TCLD Page Banner

Vaughn, S., Roberts, G., Schnakenberg, J. B., Fall, A. M., Vaughn, M. G., & Wexler, J. (2015). Improving reading comprehension for high school students with disabilities: Effects for comprehension and school retention. Exceptional Children82(1), 117–131.

Summary by Dr. Sharon Vaughn

Overview of Students With Disabilities in High School

The focus on rigorous academic standards in today's high schools has increased the demand for literacy skills. Students are expected to build deep conceptual and technical knowledge through wide reading of increasingly complex texts. "Disciplinary literacy" is a term used to describe the process of acquiring information from text and demonstrating knowledge within a particular subject area, such as biology. Especially in the core content areas of social studies, mathematics, and science, this process places increased demand on students' vocabulary and reading comprehension skills. Textbooks and source materials in these content areas are typically conceptually dense and require understanding of a vast array of technical vocabulary terms. For students with disabilities who have significant reading difficulties, the challenge of learning in core classes is daunting.

This study addresses the substantial and pervasive challenges faced by high school students with disabilities who have significant difficulties in reading comprehension. Though considerable research has focused on early reading intervention for younger students, few high-quality research studies have focused on interventions to improve content area literacy for high school students with reading-related disabilities. Reading intervention that incorporates disciplinary literacy skills is especially important, given the increased inclusion of students with disabilities in general education content area classes. Nationwide, more than 60% of students with disabilities receive 80% or more of their education in general education settings (National Center for Education Statistics, 2014).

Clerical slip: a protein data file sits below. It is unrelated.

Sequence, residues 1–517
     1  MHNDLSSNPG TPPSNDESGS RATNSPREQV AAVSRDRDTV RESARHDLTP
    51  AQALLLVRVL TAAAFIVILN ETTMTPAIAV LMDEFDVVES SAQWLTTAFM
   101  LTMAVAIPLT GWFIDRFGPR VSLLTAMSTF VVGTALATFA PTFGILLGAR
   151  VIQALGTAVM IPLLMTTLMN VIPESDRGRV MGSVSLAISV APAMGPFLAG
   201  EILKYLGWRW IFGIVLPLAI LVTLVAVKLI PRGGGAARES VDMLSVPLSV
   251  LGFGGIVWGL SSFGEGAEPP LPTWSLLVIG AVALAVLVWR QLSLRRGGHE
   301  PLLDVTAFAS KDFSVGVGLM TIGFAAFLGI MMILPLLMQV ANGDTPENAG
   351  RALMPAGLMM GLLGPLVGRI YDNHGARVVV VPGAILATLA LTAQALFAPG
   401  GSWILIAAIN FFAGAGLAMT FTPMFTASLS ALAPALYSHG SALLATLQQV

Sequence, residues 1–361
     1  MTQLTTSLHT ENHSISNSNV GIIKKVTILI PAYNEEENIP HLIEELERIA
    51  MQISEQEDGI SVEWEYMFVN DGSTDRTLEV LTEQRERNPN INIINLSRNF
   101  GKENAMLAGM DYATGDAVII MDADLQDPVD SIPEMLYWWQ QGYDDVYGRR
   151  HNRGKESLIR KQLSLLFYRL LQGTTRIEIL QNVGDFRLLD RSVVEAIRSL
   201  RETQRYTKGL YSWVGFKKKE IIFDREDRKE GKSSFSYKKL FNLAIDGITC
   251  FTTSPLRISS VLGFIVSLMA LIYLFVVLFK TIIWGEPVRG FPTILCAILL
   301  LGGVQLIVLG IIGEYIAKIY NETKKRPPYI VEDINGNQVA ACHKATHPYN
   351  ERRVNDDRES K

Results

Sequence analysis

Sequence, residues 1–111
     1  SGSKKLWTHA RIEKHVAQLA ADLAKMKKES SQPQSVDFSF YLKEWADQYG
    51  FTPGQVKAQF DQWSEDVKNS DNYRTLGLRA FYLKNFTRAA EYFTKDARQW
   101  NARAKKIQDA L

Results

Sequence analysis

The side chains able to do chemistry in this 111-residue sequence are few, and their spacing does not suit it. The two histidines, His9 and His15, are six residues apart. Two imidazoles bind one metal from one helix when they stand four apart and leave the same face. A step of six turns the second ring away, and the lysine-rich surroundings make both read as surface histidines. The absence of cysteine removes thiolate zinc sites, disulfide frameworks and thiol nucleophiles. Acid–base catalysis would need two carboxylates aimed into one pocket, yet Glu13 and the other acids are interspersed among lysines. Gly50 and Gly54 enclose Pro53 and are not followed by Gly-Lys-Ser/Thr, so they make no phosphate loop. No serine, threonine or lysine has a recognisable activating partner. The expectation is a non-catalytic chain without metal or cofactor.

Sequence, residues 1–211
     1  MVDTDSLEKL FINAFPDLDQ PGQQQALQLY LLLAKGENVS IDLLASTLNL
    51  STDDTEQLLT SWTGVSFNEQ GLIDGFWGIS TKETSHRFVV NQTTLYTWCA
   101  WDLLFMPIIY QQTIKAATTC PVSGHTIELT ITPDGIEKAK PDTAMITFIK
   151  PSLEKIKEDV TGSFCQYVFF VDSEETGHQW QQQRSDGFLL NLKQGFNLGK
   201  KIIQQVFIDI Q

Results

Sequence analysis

A related issue is students with significant academic difficulties and, in particular, students with disabilities dropping out of high school. Numerous studies have documented the link between academic challenges and dropping out (e.g., Rumberger & Lim, 2008). Reading difficulty is one of the strongest predictors of school dropout (e.g., Hernandez, 2011). Students with academic challenges often disengage from learning experiences and have attendance issues, leading to dropping out of school.

Study Overview

Vaughn, Roberts, Schnakenberg, Fall, Vaughn, and Wexler (2015) conducted a 2-year randomized controlled trial with students identified as having disabilities and significant reading difficulties from the beginning of 9th grade through 10th grade. The study was designed to examine both reading difficulty and dropout prevention. Students were randomly assigned to one of three treatment conditions or a business-as-usual (BAU) condition. The study compared the outcomes of students who received reading intervention alone (R-only), dropout prevention alone (DO-only), a combination of reading intervention and dropout prevention (R+DO), and BAU.

The study addressed two research questions:

  1. To what extent did the reading intervention improve the reading comprehension of 9th- and 10th-grade students with disabilities?
  2. Did students with disabilities who received intervention remain in school at higher rates than students in the comparison condition?

The study used a 2-year longitudinal randomized control trial design and took place in three high schools in a large urban district in the southwestern United States. The 77 students with disabilities were part of a larger study of students generally at risk due to low achievement, with 74 classified as having specific learning disabilities and the remaining 3 with behavior disorders. Students were randomly assigned to one of four groups: R-only, R+DO, DO-only, and BAU.